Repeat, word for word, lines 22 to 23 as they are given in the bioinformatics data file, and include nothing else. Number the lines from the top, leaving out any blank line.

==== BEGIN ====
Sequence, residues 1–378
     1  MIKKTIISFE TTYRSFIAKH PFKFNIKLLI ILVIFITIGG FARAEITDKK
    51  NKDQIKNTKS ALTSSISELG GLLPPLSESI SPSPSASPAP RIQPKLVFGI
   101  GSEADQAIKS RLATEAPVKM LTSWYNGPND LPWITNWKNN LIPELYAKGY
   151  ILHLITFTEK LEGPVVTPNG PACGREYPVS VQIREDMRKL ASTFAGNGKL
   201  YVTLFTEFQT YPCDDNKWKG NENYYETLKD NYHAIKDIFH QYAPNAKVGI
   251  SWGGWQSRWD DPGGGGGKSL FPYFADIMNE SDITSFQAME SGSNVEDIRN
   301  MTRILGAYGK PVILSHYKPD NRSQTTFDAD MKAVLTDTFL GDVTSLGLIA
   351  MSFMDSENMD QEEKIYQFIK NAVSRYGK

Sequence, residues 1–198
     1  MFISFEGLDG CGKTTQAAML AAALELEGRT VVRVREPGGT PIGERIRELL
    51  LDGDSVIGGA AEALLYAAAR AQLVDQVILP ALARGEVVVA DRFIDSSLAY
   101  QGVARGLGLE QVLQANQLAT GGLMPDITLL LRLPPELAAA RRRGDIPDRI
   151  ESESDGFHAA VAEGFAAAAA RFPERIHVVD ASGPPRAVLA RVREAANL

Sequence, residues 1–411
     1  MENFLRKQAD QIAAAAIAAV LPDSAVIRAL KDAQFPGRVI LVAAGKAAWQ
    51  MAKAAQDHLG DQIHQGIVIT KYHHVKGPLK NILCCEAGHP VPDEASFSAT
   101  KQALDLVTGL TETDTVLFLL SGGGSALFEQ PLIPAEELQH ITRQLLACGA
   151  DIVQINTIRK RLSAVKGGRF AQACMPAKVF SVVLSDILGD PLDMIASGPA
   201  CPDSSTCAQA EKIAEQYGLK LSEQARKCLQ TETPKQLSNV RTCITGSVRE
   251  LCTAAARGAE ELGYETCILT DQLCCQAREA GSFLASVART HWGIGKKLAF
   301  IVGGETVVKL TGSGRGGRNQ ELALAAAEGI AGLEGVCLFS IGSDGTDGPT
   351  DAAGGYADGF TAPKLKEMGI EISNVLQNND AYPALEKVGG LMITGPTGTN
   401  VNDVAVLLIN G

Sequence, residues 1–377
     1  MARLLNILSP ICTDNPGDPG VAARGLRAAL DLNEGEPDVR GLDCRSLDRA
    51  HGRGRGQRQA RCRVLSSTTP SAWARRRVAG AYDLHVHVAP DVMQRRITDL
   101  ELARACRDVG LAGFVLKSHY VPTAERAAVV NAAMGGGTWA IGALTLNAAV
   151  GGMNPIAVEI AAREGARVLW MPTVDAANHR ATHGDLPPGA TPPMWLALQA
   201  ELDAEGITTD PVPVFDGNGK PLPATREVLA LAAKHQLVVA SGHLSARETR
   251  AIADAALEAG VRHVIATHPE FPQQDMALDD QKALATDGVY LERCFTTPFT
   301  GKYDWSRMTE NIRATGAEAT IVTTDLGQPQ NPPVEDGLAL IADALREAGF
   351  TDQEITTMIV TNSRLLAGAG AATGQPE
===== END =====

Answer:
   301  IVGGETVVKL TGSGRGGRNQ ELALAAAEGI AGLEGVCLFS IGSDGTDGPT
   351  DAAGGYADGF TAPKLKEMGI EISNVLQNND AYPALEKVGG LMITGPTGTN